No Child Left Behind? This was created because it made it sound like President Bush cared about improving education without actually having to improve education. And by creating this without giving it any money, they've pretty much screwed over ever school in the country. I doubt they ever thought about how this new policy would actually affect schools.

The Gay Marriage Ban Amendment? Nope. This is pretty much a backward-thinking, hurtful piece of legislation. Thank God it didn't go anywhere.

Immigration? Aside from John McCain, I don't think most Republicans have thought this issue through. What exactly is the point of alienating illegal immigrants and, in the process, legal immigrants as well? I think we'll see a lot of Mexican-American Republicans vote Democrat in the upcoming elections.

And I could go on and on. My point is that the Republicans are not the party of forward-thinkers. They've shown this countless times with... pretty much everything they've done.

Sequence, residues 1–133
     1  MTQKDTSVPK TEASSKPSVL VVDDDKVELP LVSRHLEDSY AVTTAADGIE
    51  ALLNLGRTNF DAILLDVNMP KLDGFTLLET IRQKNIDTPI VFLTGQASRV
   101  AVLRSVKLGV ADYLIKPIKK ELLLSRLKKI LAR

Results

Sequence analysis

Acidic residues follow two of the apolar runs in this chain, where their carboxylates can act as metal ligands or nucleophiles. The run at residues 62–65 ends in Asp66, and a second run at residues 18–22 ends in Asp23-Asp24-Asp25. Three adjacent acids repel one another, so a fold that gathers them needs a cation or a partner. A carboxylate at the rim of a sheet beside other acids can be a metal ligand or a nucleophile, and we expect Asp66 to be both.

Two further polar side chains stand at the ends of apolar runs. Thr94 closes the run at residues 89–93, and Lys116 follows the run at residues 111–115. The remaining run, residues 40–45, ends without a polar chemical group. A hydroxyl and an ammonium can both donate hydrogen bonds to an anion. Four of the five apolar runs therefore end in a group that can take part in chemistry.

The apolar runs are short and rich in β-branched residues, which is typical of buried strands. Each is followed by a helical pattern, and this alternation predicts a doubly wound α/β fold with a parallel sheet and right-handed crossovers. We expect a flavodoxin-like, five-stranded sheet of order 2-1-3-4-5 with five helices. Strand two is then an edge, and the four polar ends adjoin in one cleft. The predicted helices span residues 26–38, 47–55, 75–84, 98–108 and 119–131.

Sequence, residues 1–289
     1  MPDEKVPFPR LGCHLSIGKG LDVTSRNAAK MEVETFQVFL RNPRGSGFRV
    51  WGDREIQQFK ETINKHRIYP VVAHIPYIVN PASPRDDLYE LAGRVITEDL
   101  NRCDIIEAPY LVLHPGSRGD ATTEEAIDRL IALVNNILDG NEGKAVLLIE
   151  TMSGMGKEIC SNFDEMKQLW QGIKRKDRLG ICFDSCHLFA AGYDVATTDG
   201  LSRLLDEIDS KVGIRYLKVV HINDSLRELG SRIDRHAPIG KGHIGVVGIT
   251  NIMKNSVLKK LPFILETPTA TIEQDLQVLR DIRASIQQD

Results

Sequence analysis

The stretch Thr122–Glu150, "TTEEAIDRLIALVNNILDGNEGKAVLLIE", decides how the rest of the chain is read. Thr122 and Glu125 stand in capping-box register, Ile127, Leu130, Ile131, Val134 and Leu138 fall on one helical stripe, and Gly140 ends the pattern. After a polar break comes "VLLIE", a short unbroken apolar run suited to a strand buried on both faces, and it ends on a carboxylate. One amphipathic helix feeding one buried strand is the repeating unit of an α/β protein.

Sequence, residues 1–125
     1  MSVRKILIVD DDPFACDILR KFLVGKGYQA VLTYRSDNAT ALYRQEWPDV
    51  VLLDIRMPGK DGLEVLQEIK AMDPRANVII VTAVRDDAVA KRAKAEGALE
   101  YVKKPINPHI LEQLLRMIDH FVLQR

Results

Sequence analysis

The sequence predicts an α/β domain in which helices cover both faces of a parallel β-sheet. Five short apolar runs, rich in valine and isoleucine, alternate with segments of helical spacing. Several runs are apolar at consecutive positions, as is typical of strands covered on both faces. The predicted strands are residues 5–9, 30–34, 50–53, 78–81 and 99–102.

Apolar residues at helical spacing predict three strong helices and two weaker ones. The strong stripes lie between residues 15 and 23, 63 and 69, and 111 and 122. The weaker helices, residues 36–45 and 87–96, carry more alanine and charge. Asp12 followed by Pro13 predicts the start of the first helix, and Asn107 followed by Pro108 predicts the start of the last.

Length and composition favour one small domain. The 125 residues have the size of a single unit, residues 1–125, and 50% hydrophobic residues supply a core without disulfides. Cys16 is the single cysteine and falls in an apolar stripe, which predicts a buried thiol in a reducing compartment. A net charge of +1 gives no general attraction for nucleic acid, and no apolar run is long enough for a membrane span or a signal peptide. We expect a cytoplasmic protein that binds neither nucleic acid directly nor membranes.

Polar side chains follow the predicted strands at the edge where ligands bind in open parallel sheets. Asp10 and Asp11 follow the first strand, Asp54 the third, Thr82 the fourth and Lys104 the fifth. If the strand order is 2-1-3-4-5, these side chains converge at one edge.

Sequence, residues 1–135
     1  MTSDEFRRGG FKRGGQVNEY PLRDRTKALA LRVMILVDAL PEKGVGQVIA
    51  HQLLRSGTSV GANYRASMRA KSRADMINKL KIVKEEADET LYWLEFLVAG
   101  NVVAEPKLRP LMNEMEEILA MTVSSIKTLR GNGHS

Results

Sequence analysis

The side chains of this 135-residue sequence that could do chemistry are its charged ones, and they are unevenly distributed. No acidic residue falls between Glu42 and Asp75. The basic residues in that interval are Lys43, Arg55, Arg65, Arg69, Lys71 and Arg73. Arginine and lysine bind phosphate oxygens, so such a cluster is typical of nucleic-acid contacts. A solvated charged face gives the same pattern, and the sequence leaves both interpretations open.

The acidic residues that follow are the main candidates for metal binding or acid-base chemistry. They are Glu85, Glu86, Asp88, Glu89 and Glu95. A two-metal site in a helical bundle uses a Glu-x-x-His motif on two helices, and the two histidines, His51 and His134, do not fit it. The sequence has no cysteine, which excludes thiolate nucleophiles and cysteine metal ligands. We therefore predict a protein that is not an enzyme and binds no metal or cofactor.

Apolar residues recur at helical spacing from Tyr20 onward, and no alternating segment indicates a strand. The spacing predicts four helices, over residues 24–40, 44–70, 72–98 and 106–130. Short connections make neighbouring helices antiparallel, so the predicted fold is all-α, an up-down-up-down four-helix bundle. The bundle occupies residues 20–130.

Monday, June 12, 2006

Do Conservatives Even Care About Gay Marriage?

I've read a lot of arguments opposing gay marriage in the last couple of weeks. What strikes me as funny is that a lot of the conservatives who argue against gay marriage hardly ever mentioned gay marriage. Most of the arguments I read talked about preventing the legalization of incest, polygamy, pedophilia, beastiality and so on. They seem to think legalizing same-sex marriages will automatically lead to the rest. So, it seems to me, that they are hurting homosexuals in committed relationships for no other reason than to prevent completely unrelated things.

So what's the point of banning same-sex marriage at all? Why not just skip the middleman and go after the issues that they really care about? All this does it hurt people for no reason.

Wednesday, June 07, 2006

Gay Marriage Ban Failed... Again!

The sinking ship that is the Gay Marriage Ban has sunk once again... only to be probably raised once more at a future date (hopefully to then sink again).

The funny thing is, this amendment didn't even get to a true Senate vote. Today's vote was whether or not the Senate should cast a real vote on the amendment. And that couldn't even pass.

Unfortunately, several thick-headed Senators don't seem to be deterred by this latest defeat.

The measure's defeat in the Senate is by no means its last stand, said its supporters.

"I do not believe the sponsors are going to fall back and cry about it," said Sen. Orrin Hatch, R-Utah. "I think they are going to keep bringing it up."